How one breast oncologist faced her own diagnosis

    (Photo courtesy of

    (Photo courtesy of

    Dr. Marisa Weiss had been treating breast cancer for over 20 years when she got her own breast cancer diagnosis four years ago. 

    She had made a name for herself as a prominent breast oncologist and the founder and president of

    For her, the diagnosis was a game changer. 

    “You’re on the other side,” she said. “You’ve been in the patient gown waiting for the doctor to come in. You’re cold, you’ve got questions, you’ve got fears. I had the same fears as the patients I take care of.”  

    It was as difficult for her as it was for any of her patients to change lifestyle habits and to explore the many treatment options available today. Weiss says creating the informational website was as relevant to her as it was for other men and women.

    “I started to get people, [who are] confronted with breast cancer, the best medical information available to protect their precious lives.” says Weiss “I’ve watched people trying to understand this enormous amount of complex information, make sense of it, take decisions and put them into action right away.”

    Between surgery, chemotherapy, targeted therapy, hormonal therapy, physical therapy, radiation oncology and all the tests as well as surveillance over time, it can all be overwhelming.

    “A diagnosis of breast cancer is frightening, devastating and feels like an emergency,” she says. “And I’ve seen how overwhelming and confused people can be when they’re dealing with the immediate and the long term treatment options.”

    Weiss, is a strong proponent of having patients and their medical team work together to design treatments according to the patient’s condition, plan of action and cultural and family context. To do so, she thought the more information, the better.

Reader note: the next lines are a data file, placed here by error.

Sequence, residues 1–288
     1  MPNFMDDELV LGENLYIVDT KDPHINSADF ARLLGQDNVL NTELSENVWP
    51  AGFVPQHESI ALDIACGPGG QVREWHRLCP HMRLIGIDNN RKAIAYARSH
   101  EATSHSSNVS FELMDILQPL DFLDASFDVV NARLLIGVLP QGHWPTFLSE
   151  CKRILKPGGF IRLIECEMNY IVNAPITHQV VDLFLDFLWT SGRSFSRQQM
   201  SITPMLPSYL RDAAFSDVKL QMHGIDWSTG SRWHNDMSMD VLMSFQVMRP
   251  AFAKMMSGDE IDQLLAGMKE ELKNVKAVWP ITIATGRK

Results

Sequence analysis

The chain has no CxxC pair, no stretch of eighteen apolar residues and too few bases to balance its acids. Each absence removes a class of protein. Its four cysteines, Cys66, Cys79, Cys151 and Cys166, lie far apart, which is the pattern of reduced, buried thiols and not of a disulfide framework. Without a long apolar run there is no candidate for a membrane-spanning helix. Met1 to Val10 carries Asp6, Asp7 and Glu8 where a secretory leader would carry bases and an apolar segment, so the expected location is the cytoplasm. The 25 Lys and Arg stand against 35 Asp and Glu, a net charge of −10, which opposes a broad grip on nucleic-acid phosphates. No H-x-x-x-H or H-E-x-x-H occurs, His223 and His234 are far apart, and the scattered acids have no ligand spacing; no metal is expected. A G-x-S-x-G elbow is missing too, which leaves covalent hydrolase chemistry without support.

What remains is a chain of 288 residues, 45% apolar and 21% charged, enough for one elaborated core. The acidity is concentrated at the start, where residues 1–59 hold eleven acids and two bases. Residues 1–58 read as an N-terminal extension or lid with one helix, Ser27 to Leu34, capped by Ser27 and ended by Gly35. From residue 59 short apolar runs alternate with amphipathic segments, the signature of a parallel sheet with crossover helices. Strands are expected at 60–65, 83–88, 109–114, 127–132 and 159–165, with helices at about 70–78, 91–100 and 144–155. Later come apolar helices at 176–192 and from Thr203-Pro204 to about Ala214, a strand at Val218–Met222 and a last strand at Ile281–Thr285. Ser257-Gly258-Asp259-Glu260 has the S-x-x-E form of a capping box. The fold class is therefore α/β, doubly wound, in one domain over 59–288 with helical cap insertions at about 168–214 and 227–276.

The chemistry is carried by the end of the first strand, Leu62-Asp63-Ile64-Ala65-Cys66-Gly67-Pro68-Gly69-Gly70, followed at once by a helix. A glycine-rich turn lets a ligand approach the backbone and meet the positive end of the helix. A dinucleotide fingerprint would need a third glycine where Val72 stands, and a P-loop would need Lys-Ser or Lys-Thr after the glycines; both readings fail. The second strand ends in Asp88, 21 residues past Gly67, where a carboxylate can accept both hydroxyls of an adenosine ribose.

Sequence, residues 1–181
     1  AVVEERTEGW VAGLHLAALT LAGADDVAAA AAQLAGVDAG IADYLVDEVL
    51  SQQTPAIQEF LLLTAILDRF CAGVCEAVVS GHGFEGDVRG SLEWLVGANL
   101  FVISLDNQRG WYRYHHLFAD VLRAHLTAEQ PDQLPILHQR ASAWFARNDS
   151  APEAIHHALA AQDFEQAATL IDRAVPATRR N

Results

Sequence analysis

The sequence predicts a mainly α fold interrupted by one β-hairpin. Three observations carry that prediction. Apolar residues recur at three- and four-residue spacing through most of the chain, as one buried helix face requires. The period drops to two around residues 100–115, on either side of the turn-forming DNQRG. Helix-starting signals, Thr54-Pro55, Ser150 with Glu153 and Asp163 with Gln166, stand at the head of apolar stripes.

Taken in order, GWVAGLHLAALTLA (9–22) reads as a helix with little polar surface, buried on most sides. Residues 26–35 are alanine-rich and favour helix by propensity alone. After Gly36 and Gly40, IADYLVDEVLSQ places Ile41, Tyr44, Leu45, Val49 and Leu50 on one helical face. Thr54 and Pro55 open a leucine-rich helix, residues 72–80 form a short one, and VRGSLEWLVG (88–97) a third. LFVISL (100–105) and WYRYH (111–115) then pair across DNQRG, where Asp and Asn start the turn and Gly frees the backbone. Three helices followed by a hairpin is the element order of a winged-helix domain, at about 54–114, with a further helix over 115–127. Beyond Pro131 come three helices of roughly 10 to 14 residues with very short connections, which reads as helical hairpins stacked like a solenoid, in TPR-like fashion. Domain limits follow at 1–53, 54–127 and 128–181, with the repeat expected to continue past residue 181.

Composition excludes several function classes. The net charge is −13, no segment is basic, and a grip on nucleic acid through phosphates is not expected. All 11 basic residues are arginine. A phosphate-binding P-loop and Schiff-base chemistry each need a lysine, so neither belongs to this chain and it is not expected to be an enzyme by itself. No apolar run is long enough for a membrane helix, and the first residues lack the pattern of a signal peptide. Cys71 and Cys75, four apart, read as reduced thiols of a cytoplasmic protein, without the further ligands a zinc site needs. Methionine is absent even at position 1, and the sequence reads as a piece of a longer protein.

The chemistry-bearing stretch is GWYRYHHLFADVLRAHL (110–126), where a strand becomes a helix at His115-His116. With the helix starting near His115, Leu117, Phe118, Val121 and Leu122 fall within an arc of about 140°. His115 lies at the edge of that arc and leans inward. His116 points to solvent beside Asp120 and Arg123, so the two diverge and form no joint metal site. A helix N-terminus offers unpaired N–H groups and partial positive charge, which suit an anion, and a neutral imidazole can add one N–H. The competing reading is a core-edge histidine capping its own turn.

She emphasizes that every woman’s situation is unique and there is absolutely no “one size fits all” treatment.So in every case, “your best treatment depends on you and your informed decisions.” 

    Weiss, who comes from a family of scientists and physicians, divides her time between working as a breast oncologist at Lankenau Medical Center and continuing her advocacy work for breast cancer health and awareness out of her office in Ardmore.

    Part of her mission, she says, “is trying to dispel common misconceptions.  One being that breast cancer is mostly due to family history and inherited genes.”

    “The truth is,” Weiss says, “Only 10 percent of breast cancer cases are due to rare genes like BRCA1 or BRCA2. The remaining 90 percent of breast cancer cases are mostly related to how one leads their life.”

    So Weiss is focusing on helping the next generation because she says breast cancer is already much more common now than it ever was. 

    Weiss insists that if we “keep doing what we are doing and having the chemical and environmental exposure that we are getting” it might get worse. But, she says, there is time to make some important changes that will diminish our exposure to toxic environments.

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